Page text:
Barry Goldwater Dead At 89
PHOENIX, Ariz. (AllPolitics, May 29) -- Republican conservative patriarch Barry Goldwater, a former Arizona senator and presidential candidate, died Friday at age 89.
"He is soaring," KTAR-AM Radio in Phoenix quoted Goldwater's wife, Susan, as saying in announcing his death Friday morning.
Goldwater was known as an outspoken man of principle who has left a strong political legacy. He is credited by many with remaking the Republican party and setting it on the conservative course that brought Presidents Ronald Reagan and George Bush to power many years later.
A statement issued by the Goldwater family said he died at his home in suburban Paradise Valley of natural causes. "He was in his own bed, in his own room, as he wished, overlooking the valley he loved with family at his side,"
the family said.
"He died as he lived: with dignity, courage and humility."
In recent years Goldwater's health was failing. He suffered a stroke in 1996 that damaged the frontal lobe of his brain, which controls memory and personality. In September 1997, his family said Goldwater was in the early stages of Alzheimer's disease.
President Bill Clinton ordered all U.S. flags on federal buildings and installations be lowered to half-staff on Wednesday, the day of Goldwater's funeral, in honor of the late senator.
Earlier in the day, Clinton remembered Goldwater fondly, calling him "truly an American original. I never knew anybody quite like him."
Goldwater the politician
"Mr. Republican" to many in the GOP, Goldwater was "a conservative's conservative." Outspoken and earthy, he was never afraid to call things as he saw them.
Goldwater was elected to the Senate from Arizona in 1952. He served there until 1964 when he became the Republican candidate for president.
At the GOP convention in San Francisco, Goldwater spelled out his political philosophy in a famous line: "I would remind you that extremism in defense of liberty is no vice. Moderation in the pursuit of justice is no virtue."
Goldwater said he knew the Vietnam War would be one of the major issues in the campaign, and called on President Lyndon Johnson to do what was necessary to win. He made his views on the war clear then and 25 years later when appearing on CNN's "Larry King Live."
"If I had inherited the mess that Johnson got into, I would have said to North Vietnam, by dropping leaflets out of B-52s, 'You quit the war in three days or the next time these babies come over there going to drop some big bombs on you.' And I'd make a swamp out of North Vietnam ... I'd rather kill a hell of a lot of North Vietnamese than one American and we've lost enough of them,"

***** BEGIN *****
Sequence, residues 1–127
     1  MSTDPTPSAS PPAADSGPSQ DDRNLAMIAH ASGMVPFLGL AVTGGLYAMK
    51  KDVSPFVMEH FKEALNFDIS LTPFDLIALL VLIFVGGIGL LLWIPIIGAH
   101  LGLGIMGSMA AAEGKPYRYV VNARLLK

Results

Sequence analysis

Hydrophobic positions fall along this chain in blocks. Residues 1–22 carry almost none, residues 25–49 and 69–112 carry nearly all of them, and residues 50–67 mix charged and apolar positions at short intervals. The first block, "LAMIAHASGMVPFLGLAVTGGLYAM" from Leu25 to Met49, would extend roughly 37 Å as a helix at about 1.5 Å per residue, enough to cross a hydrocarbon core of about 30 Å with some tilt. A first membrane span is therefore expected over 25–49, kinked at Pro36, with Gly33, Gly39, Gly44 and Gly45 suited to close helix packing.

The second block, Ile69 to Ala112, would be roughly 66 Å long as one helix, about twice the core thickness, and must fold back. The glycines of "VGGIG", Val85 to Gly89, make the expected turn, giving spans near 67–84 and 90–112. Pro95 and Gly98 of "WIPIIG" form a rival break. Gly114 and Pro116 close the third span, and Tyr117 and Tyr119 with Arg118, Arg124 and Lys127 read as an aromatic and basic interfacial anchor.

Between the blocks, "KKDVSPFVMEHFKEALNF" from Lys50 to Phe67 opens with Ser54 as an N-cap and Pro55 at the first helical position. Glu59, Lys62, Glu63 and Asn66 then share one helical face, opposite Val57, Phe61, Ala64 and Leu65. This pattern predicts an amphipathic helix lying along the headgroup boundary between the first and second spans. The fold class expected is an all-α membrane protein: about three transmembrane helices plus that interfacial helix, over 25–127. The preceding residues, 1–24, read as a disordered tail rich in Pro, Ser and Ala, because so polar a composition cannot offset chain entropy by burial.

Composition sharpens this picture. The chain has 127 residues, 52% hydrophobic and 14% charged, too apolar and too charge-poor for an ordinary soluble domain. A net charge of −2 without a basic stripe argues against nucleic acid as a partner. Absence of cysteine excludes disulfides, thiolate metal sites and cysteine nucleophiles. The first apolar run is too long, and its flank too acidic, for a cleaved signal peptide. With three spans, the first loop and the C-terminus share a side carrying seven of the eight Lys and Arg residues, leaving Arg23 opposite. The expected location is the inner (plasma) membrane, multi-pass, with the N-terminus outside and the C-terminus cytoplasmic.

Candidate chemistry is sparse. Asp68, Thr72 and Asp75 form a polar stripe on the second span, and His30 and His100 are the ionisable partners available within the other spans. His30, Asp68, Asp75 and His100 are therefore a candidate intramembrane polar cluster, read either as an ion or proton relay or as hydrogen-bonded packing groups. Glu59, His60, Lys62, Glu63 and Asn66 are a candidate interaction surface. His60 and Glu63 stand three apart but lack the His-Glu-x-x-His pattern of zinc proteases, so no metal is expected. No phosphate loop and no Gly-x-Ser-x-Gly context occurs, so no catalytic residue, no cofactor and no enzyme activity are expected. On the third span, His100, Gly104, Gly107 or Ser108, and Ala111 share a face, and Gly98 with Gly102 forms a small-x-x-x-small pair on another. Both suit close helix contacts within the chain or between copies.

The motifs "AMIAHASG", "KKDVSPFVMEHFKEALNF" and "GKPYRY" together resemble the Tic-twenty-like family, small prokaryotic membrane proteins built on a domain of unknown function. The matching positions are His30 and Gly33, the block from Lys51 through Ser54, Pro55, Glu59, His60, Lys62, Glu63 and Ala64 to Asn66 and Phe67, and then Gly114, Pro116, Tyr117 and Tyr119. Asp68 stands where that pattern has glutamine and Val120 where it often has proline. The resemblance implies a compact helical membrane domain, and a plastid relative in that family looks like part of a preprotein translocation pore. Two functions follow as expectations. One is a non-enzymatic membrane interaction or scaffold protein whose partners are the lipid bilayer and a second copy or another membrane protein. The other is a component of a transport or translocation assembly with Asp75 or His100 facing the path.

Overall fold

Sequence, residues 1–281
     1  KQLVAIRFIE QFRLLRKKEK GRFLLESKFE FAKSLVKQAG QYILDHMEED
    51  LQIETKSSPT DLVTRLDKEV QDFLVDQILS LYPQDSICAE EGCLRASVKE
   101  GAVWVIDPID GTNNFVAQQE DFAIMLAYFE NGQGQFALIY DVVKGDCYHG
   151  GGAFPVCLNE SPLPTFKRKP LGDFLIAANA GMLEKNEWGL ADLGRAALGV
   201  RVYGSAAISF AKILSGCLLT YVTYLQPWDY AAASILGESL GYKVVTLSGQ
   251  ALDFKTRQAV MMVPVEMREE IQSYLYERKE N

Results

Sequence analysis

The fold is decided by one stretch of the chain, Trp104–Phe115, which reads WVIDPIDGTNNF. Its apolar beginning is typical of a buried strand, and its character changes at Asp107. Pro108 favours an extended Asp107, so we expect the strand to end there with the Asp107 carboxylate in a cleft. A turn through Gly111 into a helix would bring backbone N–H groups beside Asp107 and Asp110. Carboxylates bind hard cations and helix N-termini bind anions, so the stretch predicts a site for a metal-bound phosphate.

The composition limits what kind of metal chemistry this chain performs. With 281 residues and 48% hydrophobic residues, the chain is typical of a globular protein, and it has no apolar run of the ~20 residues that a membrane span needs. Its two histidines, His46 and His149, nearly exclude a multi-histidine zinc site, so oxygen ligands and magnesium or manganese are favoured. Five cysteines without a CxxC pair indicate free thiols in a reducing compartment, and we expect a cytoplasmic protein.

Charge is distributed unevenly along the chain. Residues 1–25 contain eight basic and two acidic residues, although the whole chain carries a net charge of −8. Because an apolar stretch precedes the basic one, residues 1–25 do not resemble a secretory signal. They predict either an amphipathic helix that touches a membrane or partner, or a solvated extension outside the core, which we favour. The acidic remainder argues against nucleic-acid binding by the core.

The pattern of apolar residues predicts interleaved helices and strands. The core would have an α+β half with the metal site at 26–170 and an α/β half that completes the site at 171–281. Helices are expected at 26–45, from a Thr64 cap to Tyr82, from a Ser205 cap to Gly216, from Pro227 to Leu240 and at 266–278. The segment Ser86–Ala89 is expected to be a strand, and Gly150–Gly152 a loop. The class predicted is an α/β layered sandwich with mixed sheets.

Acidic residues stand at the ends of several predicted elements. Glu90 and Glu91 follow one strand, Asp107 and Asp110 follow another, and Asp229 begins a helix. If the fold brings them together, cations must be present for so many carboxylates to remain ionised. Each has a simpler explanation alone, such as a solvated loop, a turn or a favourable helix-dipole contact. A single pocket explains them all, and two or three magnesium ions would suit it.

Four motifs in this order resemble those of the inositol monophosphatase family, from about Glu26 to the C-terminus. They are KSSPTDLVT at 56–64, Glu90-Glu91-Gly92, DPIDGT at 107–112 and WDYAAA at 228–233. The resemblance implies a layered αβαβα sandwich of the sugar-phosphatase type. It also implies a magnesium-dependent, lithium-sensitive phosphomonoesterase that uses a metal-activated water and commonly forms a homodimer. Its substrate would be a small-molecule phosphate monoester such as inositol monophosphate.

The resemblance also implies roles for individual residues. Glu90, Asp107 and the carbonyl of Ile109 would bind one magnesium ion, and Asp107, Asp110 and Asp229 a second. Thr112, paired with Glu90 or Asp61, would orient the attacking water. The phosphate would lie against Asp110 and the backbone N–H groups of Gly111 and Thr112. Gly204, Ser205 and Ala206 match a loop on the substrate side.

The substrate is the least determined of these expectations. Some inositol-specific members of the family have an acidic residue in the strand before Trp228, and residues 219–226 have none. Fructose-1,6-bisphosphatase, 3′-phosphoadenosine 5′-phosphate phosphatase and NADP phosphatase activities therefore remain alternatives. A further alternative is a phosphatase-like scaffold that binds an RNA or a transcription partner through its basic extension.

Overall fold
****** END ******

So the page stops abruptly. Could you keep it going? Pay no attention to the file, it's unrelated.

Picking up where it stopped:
But Johnson painted his opponent as a right-wing kook who couldn't be trusted to have his finger on the nuclear button. Johnson's still haunting 'Daisy' campaign ad -- with images of a little girl counting daisy petals giving way to those of a nuclear blast countdown -- only ran once, but Americans got the message. ['Daisy' Ad, 2MB]
Goldwater lost big, winning only six states and 38 percent of the vote. Goldwater told friends he knew his candidacy would fail because the country was still traumatized by the assassination of President John F. Kennedy.
But liberal Republicans were convinced the 1964 defeat was a referendum against the conservative movement. And there was always tension between Goldwater and the party's liberal wing, led by Nelson Rockefeller.
Nevertheless, in 1968, Arizonans sent Goldwater back to the Senate where he was a strong supporter of Richard Nixon's first five years as president.
But Goldwater later said he was appalled at the way the Nixon White House handled the Watergate scandal and it was Goldwater who told Nixon he had lost his support in Congress. He would later call Nixon the "most dishonest man" he ever met.
When Reagan was elected in 1980, many of Goldwater's ideas were enacted: lower taxes, Pentagon reform and deregulation, to name a few.
In 1986, Goldwater retired but he wrote his autobiography and worked as a news commentator.
In the last years of his life, Goldwater's outspokeness generated controversy among some conservative fans. While he actively backed GOP presidential nominee Bob Dole in 1996, Goldwater's support for individual rights concerning controversial issues like abortion and homosexual rights angered many Christian conservatives.
"The rights that we have under the Constitution covers anything we want to do, as long as its not harmful. I can't see any way in the world that being a gay can cause damage to somebody else," Goldwater said.
Goldwater was the last U.S. senator to be born in a continental U.S. territory, two years before Arizona became a state. And he liked to say his lifelong political philosophy was a product of his early years, growing up on the frontier.
He said it was based on two ideas he learned as a boy: the respect of individual freedom, and a smaller government is a better government.
In addition to his love of politics, Goldwater was a Air Force Reserve general and flew into his 80s. He also was an amateur radio operator, spending hours talking to his friends.
Goldwater always said it was an honor to serve in Congress and run for president.
But he said his greatest compliment came from a policeman who told him: "Senator Goldwater, you always made me feel proud to be an American."